Sourced from the Raising Children Network’s comprehensive and quality-assured Australian parenting website http://raisingchildren.net.au
Out of all the big and beautiful things in the world, what will your child’s interests be? There is a big and exciting world out there, where your little one’s dream job can be anything from a professional ice cream taster, a train builder or simply joining Peter Pan’s Lost Boy pack. Now is a time for imagination to take over. They can dream of being anything in the entire world. As parents, you can help them figure out how to be whatever they want to, for now. Yes, there will come a time where you might need to mention that ‘being a puppy’ is not a suitable career choice, but while they are running around the garden, being a kid and playing make-believe, it may not be the best timing.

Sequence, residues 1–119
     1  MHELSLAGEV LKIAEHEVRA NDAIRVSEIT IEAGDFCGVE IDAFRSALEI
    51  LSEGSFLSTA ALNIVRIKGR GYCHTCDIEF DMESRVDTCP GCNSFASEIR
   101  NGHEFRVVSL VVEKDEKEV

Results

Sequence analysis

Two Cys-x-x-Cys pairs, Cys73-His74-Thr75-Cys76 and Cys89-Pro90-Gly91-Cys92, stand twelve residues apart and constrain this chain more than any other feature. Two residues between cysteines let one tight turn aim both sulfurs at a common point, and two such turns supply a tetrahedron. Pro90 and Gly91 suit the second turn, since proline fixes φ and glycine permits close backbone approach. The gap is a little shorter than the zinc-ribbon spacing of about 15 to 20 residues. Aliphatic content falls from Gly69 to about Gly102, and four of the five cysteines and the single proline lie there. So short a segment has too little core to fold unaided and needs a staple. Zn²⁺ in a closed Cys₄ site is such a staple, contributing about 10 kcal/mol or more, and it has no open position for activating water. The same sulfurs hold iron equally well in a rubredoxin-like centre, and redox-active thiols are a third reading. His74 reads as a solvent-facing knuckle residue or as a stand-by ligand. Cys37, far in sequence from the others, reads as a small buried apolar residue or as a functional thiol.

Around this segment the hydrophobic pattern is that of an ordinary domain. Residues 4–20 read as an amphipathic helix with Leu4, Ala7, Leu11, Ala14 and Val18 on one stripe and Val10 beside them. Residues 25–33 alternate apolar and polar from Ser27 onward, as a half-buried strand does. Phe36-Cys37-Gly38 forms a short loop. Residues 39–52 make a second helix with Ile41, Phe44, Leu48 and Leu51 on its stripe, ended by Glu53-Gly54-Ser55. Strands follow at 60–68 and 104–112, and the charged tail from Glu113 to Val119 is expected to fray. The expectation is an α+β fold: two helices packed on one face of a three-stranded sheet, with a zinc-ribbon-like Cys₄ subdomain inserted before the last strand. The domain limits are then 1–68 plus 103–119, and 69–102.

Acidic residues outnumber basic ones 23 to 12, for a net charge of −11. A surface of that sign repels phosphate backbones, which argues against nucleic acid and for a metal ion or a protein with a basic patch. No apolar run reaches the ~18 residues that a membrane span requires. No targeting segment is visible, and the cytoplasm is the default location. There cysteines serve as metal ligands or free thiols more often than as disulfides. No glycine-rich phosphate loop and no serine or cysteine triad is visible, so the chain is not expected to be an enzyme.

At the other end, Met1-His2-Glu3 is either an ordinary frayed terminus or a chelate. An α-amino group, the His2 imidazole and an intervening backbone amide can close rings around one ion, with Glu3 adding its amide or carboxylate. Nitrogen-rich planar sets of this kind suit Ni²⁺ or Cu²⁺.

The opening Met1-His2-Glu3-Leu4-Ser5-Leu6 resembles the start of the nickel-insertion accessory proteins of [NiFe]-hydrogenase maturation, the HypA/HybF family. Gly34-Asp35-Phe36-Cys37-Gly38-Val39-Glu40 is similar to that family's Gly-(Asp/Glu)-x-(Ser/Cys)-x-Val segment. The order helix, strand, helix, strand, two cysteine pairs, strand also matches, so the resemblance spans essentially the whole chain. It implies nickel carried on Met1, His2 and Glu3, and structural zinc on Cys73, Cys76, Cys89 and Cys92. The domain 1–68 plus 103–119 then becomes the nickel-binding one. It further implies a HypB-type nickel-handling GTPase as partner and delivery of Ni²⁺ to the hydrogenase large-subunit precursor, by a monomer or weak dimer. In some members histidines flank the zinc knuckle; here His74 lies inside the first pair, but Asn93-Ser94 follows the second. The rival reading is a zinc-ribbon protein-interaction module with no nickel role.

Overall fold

Your toddler’s interests probably include playing with dolls, ‘driving’ their toy cars or aspiring to be the best local firefighter in town. These interests may feel like a big part of their personality now but could most likely change by the time the next snack break arrives, and that’s okay! Although interests can change in the future, they can also reflect your little one’s passions, and very real future career possibilities.
Although your toddler’s interests will mature and change as they grow older, they are still a big part of what makes them – them. They will eventually grow into the person they are, but there’s no harm in gently guiding them through this process of self-discovery and figuring out which interest might be there to stay for good.
But how do I find out what my child’s interests are?